Day 0 – Returning Officer announces the election and asks formanifestos to be submitted to them.Day 7 – Returning Officer posts the candidates who wish to run inthe election along with manifestos.Day 7 – Candidates for the position are questioned by MPs andmembers of the Model House of Commons.Day 10 – The Returning Officer opens a secret poll (for MPs only)in the Division Lobby with the candidates’ names and the option forRe-Open Nominations.Day 14 – Poll closes. If a candidate has gained more than 50% ofthe vote, they are elected. If not, the two candidates with the mostvotes, plus ties, are put into a second three day ballot with no RONoption. If at any point during the run-off vote a candidate withdrawsthe run-off is re-ran between the remaining candidate and the nexthighest placed candidate on the first round ballot excluding thecandidate who has withdrawn. The run-off may be reran a maximum ofthree times. In the event there is no next placed candidate from thefirst round the remaining candidate undergoes a SpeakershipConfirmation Motion procedure lasting three days. If three run-offsall result in withdrawals the candidate left undergoes a SpeakershipConfirmation Motion.Day 17/20/23 - If a runoff election was needed, results of theelection are announced and the candidate with the most votes iselected.Day 26 - If a Speakership Confirmation Motion was called the resultsare announced.
    1) The candidate with the highest number of votes shall be Speaker.2) In the event there is a draw, all candidates will be outlined tothe administration team and they will pick the next Speaker.3) Should Re-Open Nominations win the process shall begin again.
    Changes:
    • capitalisation of title
    • capitalisation of 'Returning Officer', 'all'
    • removed 'for speaker' from Day 7
    • added 'Model' to 'House of Commons'
    • conversion to passive tone
    • moved parentheses in Day 10
    • capitalisation of 'Speakership Confirmation Motion'
    • 'will' → 'shall'


    7: Deputy Speakership Elections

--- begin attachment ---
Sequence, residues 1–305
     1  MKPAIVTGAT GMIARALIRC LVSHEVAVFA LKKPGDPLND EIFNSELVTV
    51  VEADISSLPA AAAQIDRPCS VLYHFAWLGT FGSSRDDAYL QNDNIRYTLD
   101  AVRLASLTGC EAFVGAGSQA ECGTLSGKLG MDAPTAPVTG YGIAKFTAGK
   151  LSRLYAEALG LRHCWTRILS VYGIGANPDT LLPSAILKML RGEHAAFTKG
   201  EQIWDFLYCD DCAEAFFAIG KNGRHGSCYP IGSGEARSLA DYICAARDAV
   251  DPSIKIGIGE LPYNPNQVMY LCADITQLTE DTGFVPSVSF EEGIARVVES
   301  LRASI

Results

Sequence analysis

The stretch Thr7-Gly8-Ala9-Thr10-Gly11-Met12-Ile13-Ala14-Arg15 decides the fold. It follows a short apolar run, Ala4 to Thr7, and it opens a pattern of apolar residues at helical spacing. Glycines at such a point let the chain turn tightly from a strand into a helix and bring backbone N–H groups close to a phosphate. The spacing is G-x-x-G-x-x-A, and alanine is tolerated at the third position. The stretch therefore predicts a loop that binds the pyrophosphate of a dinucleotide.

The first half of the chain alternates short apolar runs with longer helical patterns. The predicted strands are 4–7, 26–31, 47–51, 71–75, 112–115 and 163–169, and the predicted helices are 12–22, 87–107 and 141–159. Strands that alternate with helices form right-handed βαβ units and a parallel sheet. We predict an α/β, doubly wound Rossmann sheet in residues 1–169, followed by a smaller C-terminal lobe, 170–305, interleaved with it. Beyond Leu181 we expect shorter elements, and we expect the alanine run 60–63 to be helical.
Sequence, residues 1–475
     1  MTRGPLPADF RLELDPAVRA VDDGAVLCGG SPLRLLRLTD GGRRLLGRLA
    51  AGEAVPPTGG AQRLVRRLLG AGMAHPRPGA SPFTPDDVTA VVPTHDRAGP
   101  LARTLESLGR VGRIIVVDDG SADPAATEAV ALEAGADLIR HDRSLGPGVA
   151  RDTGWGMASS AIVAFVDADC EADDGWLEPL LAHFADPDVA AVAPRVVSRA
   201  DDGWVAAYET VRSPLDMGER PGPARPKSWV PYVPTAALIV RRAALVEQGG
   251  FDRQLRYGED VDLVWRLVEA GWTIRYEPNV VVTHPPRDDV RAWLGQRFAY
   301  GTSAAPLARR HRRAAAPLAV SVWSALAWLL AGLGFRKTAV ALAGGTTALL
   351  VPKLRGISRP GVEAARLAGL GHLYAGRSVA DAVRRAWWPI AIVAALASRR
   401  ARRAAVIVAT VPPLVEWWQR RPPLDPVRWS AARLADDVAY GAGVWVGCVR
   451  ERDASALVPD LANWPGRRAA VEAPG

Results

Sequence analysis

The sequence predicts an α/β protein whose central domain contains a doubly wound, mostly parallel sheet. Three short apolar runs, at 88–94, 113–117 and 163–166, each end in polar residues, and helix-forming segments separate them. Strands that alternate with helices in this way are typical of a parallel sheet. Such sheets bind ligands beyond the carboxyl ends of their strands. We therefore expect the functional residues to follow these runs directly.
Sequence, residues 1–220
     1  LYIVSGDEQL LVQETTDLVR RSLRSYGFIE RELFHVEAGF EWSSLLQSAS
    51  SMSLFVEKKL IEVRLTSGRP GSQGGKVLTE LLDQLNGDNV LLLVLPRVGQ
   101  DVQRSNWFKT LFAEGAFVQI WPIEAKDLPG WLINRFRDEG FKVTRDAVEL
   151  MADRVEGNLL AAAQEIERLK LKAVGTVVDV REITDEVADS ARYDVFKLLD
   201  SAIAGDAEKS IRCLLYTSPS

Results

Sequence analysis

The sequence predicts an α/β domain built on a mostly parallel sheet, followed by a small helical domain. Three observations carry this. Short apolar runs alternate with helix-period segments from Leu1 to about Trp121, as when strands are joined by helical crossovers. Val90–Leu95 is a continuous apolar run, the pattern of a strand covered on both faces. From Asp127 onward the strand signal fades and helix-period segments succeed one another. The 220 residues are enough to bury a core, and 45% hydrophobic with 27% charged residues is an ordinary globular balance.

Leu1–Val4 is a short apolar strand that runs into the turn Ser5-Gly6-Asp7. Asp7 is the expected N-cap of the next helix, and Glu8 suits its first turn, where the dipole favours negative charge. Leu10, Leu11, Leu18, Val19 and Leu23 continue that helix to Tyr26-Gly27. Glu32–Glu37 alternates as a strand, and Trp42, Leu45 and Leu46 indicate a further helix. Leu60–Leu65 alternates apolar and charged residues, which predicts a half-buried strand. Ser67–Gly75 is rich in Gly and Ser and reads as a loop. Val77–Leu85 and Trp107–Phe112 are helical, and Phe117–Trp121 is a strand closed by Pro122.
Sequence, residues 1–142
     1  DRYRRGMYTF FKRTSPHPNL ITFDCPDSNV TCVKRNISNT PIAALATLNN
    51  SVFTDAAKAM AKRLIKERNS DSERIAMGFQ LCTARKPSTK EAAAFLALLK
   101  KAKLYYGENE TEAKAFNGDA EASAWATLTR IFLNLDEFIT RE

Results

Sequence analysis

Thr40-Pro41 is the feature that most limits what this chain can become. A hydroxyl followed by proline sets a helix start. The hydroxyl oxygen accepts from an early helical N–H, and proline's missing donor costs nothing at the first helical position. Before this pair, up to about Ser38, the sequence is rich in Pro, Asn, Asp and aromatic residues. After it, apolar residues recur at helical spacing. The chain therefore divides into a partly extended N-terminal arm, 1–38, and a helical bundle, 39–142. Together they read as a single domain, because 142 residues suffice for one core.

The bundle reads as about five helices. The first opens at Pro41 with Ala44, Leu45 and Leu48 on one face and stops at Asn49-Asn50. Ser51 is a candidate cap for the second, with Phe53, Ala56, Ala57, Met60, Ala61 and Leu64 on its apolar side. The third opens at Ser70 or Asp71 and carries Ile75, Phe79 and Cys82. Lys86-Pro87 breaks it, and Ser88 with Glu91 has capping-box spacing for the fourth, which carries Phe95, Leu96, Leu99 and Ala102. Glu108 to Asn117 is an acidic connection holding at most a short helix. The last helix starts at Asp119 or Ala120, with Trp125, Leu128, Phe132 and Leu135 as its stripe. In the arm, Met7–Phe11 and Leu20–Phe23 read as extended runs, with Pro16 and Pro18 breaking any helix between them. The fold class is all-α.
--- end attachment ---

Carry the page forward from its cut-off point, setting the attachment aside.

Day 0 – Current Speaker announces their need for a Deputy Speaker.They will then ask for interested people to send them a manifesto.Day 4 – Current Speaker posts the candidates who wish to stand asDeputy SpeakerDay 4 – The Speaker opens a secret poll (for MPs only) in theDivision Lobby with the candidates' names and the option for Re-OpenNominations.Day 8 – Results of the election are announced.Day 8 - If no candidate has achieved 50% of the vote the two highestplaced candidates are placed into a run-off lasting two days.Withdrawals are dealt with the same way as with Speaker elections.Day 11 - Results of runoff, if required, announced.
    1) The Deputy Speaker shall have to be approved by the administrationteam.2) In the event there is a draw, the Speaker shall make the decisionon who the Deputy shall be.3) Should Re-open Nominations win the process shall begin again.
    Changes:
    • capitalisation of title
    • capitalisation of 'Speaker', 'secret poll', 'elections'
    • removed 'of no more than 100 words' due to duplication of Constitution
    • passive tone
    • moved parentheses
    • 'candidates' → 'candidates''
    • removed 'Deputy Speaker' from Day 8
    • comma after 'if required'
    • 'will' → 'shall'
    • full stops


    8: Motions of No Confidence
    Day 0 - The Motion is received and the Speaker posts it fordiscussion.Day 3 - The Motion is posted in division and poll opened.Day 7 - The results of the Motion are revealed.
    1) If the vote is in favour of the Motion then:1.1) If it was against the Government then a period of 7 days beginswhere coalition negotiations open up to allow a new Government toform;1.2) If it was against the Speaker or Deputy Speaker, then a vote forthat position begins.
    Changes:
    • capitalisation of 'received' 'Speaker', 'division', 'results', 'Motion', 'Government', 'Deputy Speaker'


    9: Referendums
    Day 0 - campaign groups are made for each possible outcome of thereferendum.Day 14 - The referendum thread is posted in UK politics and the voteopens.Day 21 - The vote closes and result is announced.
    Nochanges.

    10: SoS Questions
    Day 0 - Thread is posted and the SoS and SSoS are quoted in.Day 3 - Thread is closed and questions end.
    Nochanges.

    GuidingDocument

    Preamble: The Guiding Document is a document which may only be usedto explain how to interpret the Constitution or the TimetableDocument. It should be used to keep the word count down in both andas such may be as lengthy as necessary.
    Changes:changed 'verbose' (which refers to the range of vocabulary used) to'lengthy'

    I strongly feel that individual parts, beginning blank, should bemade for each article of the Constitution and TD.